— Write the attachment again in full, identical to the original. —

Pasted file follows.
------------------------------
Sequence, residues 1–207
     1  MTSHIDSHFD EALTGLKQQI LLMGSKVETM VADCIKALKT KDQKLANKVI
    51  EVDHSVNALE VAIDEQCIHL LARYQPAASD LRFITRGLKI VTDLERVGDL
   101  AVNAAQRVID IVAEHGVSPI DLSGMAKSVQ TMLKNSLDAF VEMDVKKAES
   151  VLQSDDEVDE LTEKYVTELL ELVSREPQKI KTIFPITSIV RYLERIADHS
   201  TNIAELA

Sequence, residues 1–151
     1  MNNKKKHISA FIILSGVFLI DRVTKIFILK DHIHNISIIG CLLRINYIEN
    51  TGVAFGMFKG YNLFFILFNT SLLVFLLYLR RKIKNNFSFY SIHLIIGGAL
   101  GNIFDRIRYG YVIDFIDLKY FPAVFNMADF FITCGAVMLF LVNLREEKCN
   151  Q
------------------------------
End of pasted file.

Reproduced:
Sequence, residues 1–207
     1  MTSHIDSHFD EALTGLKQQI LLMGSKVETM VADCIKALKT KDQKLANKVI
    51  EVDHSVNALE VAIDEQCIHL LARYQPAASD LRFITRGLKI VTDLERVGDL
   101  AVNAAQRVID IVAEHGVSPI DLSGMAKSVQ TMLKNSLDAF VEMDVKKAES
   151  VLQSDDEVDE LTEKYVTELL ELVSREPQKI KTIFPITSIV RYLERIADHS
   201  TNIAELA

Sequence, residues 1–151
     1  MNNKKKHISA FIILSGVFLI DRVTKIFILK DHIHNISIIG CLLRINYIEN
    51  TGVAFGMFKG YNLFFILFNT SLLVFLLYLR RKIKNNFSFY SIHLIIGGAL
   101  GNIFDRIRYG YVIDFIDLKY FPAVFNMADF FITCGAVMLF LVNLREEKCN
   151  Q